Palestinian Authority Prime Minister Salam Fayyad offered his resignation to P.A. President Mahmoud Abbas on Wednesday following a rift between the two men over government policy, two sources told Reuters.
Jonah Lehrer, a staff writer for The New Yorker, resigned hours after Tablet Magazine published an article revealing that he had fabricated Bob Dylan quotes in a recent book.
Former Israeli Prime Minister Ehud Olmert was exonerated on corruption charges that prompted his resignation from office four years ago.
Jordan's Prime Minister Awn Khasawneh resigned on Thursday after barely six months in office, in a surprise move that politicians said followed an extended power struggle with the powerful security services.
Hundreds of medical residents in Israel have resigned, leaving many Israeli hospitals shorthanded.
U.S. Rep. Allyson Schwartz (D-Pa.) became the first Democratic representative to call on Rep. Anthony Weiner (D-N.Y.) to resign over inappropriate internet relationships. “Having the respect of your constituents is fundamental for a member of Congress,” she said in a statement. “In light of Anthony Weiner’s offensive behavior online, he should resign.”
A National Public Radio executive who was set to leave the station has apologized for videotaped comments that include saying that Jews control the print media. Ron Schiller, president of the NPR Foundation and vice president for development, said his resignation scheduled for May 6 would take effect "immediately" after the video was disclosed Tuesday.
Ron Klain, Vice President Joe Biden's chief of staff, is resigning. "As my chief of staff in the White House, Ron has done an exceptional job of building my team, implementing my direction on top priorities, and providing invaluable counsel," Biden said in a statement Tuesday. "He has also played a key role in establishing the strong, positive relationship that exists between my staff and the President's team." This White House has been notable for the smooth relations between President Obama and Biden.
Canadian Prime Minister Stephen Harper has joined a growing list of politicians calling for the resignation of a senior member of Parliament who questioned Israel's right to exist.
Israeli Prime Minister Ehud Olmert tells Cabinet stepping down "was not an easy or simple decision," then submits his letter of resignation to President Shimon Peres
Ehud Olmert's political career was marked by the shift from ideologue to pragmatist, as well as frequent allegations of personal corruption. Now at the end of his premiership, his signature projects remain unfinished
Confronted with police investigations into possible illegal fund-raising activities and a climate of intense political hostility, including from leading members of his own party, the Israeli prime minister held a hastily assembled news conference Wednesday evening to announce he will resign the premiership
The Book of Proverbs instructs us: "Do not forsake your friend." Craig has been forsaken by his own party, but as Craig has shown concern for the fate of the Jews, we should likewise show concern for him.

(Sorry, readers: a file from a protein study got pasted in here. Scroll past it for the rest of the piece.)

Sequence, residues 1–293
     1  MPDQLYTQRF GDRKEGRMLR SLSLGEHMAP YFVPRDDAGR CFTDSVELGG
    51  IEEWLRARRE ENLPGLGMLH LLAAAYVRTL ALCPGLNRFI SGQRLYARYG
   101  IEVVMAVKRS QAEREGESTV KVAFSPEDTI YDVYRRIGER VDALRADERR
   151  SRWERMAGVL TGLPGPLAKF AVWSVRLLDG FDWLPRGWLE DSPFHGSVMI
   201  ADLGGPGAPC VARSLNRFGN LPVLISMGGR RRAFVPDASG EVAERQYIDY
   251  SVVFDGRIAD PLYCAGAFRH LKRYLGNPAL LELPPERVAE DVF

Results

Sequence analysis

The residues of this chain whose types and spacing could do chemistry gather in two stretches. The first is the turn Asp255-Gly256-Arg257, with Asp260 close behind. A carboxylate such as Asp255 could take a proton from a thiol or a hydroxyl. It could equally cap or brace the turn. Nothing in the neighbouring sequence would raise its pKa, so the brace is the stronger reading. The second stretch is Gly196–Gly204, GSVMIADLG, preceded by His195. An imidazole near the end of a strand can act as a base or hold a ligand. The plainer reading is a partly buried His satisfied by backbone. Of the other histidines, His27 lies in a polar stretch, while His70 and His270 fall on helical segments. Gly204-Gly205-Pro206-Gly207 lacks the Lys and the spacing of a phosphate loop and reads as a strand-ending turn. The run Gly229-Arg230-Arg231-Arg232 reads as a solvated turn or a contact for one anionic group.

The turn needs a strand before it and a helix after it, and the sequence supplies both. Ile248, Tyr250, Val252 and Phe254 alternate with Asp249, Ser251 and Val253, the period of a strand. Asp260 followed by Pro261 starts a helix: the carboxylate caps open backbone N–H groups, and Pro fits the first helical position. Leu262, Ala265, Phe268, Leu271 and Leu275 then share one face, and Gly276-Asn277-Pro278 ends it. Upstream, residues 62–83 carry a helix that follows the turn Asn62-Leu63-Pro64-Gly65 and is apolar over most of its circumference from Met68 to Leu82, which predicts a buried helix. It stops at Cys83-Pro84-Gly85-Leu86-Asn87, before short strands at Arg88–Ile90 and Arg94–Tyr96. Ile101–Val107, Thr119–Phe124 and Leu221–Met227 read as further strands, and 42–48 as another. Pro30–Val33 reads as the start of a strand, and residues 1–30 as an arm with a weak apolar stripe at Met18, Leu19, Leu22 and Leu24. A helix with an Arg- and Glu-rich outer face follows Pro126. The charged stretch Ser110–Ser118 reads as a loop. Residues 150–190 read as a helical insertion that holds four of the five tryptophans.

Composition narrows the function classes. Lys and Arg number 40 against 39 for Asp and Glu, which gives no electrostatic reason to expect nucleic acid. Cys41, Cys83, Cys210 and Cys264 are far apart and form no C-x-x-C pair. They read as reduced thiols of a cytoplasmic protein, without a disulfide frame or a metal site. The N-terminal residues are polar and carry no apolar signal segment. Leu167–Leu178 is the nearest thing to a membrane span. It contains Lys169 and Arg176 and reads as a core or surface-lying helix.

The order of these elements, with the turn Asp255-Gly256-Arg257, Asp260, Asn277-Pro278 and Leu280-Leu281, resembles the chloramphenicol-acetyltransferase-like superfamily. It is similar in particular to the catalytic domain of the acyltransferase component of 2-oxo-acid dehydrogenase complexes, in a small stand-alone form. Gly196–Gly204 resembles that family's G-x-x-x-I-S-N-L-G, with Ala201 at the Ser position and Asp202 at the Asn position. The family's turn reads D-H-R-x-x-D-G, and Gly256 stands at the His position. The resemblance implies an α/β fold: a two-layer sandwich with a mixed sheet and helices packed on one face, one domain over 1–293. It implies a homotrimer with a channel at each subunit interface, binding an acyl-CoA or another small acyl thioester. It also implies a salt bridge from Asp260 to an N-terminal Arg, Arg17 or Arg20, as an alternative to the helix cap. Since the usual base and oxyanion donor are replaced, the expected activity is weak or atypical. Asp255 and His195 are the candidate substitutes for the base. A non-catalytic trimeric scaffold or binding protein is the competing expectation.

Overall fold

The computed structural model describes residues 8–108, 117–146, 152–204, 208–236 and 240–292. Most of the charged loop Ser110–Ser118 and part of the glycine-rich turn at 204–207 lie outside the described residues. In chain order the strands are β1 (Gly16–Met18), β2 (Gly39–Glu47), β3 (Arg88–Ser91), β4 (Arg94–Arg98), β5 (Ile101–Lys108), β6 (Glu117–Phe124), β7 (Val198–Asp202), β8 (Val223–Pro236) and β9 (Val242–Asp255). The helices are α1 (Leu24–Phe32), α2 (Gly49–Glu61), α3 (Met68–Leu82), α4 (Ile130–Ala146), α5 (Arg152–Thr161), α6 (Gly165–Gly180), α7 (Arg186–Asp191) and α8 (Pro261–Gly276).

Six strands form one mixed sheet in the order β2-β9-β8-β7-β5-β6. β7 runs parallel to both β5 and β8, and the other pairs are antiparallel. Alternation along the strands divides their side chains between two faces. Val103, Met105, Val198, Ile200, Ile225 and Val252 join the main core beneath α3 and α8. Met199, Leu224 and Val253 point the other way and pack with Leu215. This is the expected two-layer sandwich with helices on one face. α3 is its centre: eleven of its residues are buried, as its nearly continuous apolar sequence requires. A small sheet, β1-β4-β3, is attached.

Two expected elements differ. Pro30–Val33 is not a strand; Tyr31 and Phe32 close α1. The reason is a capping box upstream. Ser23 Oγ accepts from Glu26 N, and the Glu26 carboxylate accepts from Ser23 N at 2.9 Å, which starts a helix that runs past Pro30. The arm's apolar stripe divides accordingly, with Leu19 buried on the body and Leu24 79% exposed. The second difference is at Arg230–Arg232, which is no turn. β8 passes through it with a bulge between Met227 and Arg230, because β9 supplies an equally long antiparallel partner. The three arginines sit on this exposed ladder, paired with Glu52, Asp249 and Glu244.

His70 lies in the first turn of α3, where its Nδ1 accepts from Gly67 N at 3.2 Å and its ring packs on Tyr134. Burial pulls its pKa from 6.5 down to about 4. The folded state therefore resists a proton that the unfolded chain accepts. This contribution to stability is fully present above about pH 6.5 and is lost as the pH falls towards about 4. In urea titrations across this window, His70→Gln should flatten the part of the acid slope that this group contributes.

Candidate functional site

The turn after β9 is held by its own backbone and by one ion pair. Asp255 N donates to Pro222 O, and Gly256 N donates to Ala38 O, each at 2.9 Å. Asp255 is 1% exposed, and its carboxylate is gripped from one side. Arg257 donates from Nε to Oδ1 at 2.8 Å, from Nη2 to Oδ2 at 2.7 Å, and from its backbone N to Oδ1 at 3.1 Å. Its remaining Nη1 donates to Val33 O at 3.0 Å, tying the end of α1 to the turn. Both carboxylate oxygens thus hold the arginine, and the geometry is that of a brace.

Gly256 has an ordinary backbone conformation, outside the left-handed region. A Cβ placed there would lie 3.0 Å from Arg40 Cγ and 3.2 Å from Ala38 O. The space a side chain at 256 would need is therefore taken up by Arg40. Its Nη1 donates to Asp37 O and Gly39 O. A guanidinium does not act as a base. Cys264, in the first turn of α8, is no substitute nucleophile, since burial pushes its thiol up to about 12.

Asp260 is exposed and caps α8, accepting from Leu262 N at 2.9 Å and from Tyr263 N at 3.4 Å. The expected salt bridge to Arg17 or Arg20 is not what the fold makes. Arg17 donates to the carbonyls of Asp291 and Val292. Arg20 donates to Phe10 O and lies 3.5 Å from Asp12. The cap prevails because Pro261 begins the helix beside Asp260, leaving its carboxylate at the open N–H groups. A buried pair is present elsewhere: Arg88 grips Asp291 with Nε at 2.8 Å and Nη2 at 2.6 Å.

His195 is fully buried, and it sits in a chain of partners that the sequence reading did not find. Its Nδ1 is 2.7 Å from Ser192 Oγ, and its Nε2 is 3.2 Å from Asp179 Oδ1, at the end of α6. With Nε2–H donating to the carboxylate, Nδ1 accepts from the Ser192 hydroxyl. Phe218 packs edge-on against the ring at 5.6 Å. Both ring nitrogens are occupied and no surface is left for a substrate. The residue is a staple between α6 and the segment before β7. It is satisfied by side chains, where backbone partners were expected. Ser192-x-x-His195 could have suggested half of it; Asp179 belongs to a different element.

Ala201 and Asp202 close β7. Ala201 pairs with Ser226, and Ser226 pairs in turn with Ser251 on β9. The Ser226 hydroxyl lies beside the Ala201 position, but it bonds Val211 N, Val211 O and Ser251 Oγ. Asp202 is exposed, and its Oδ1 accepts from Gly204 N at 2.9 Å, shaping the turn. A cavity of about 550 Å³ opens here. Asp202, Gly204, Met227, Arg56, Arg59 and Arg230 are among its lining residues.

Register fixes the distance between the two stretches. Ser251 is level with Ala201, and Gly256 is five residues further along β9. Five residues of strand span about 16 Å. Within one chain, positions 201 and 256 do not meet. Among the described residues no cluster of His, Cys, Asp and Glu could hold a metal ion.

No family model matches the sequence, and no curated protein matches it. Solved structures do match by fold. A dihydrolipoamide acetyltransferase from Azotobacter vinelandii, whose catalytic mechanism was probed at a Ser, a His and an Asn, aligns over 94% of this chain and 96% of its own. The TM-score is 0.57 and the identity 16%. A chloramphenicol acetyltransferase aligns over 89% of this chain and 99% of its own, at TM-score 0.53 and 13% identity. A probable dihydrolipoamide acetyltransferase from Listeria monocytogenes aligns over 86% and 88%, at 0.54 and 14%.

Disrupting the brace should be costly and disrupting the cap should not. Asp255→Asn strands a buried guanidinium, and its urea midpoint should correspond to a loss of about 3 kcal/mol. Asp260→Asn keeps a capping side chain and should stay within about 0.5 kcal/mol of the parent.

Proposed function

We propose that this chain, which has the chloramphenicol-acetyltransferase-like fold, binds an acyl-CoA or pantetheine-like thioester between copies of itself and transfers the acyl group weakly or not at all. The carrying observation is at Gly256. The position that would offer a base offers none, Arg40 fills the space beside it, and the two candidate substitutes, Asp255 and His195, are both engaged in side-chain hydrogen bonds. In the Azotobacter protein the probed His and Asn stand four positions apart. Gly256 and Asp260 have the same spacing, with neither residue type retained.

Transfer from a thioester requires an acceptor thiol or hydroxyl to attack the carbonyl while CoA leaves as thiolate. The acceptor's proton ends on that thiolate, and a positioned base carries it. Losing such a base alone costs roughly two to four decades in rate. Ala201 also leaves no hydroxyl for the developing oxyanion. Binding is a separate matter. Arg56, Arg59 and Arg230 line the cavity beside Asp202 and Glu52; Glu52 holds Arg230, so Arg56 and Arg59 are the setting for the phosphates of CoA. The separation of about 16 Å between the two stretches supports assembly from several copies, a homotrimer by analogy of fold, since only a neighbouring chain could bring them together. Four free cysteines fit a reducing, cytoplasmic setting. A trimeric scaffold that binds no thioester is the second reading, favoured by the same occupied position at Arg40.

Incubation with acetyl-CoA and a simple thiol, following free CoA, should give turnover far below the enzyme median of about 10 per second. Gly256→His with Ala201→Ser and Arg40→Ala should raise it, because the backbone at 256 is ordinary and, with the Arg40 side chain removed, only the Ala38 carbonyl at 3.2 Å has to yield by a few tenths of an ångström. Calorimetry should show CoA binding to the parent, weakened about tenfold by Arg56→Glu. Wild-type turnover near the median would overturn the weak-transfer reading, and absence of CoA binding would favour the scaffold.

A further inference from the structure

When former Israeli President Moshe Katsav pleaded guilty to charges of sexual harassment and resigned his post late last month, no one was more surprised and saddened than his strongest supporters in Southern California, the Iranian Jewish community.
His reputation in shambles from a sex scandal that broke a year ago and swelled in subsequent months, Israel's outgoing president, Moshe Katsav, put an end to the sordid chapter by agreeing to a plea bargain after months of insisting he was innocent.
Israeli Arab lawmaker Azmi Bishara has abruptly ended a parliamentary career built on denouncing the Jewish state from enemy capitals and then dodging charges of sedition at home.
Even if Olmert is innocent, critics say he won't be able to govern because he'll be too busy trying to clear his name.
Tendler's resignation comes shortly after his nephew, Rabbi Aron Tendler, resigned under pressure as rabbi of Shaarey Zedek Congregation in Valley Village.
The Israeli withdrawal from Gaza last summer, and Interim Prime Minister Ehud Olmert's pledge to withdraw from isolated settlements like Avne Hefetz by 2010, haunts the settler community.
Ehud Olmert, Kadima Party head and prime minister-elect, has proposed an Israeli withdrawal from almost all of the West Bank -- facilitating, he says, the creation of a Palestinian state. He also called on Palestinians to compromise on their dreams in order to live next to Israel in peace.
Rabbi Aron Tendler has stepped down six months early from the pulpit of Shaarey Zedek, an Orthodox synagogue in Valley Village, because "it was no longer appropriate for Rabbi Tendler to continue," shul officials said.
Benjamin Netanyahu's resignation from the Israeli Cabinet may have come too late to scuttle Israel's planned withdrawal from Gaza and the northern West Bank, but it seems almost certain to change the face of Israeli politics.
The political brawl over the replacement for Supreme Court Justice Sandra Day O'Connor, who announced her resignation last week, could be the most bitter since Justice Clarence Thomas' 1991 confirmation battle.
And that free-for-all, which liberals and conservatives alike predict could be the "mother of all battles," could leave many Jewish groups in an awkward position.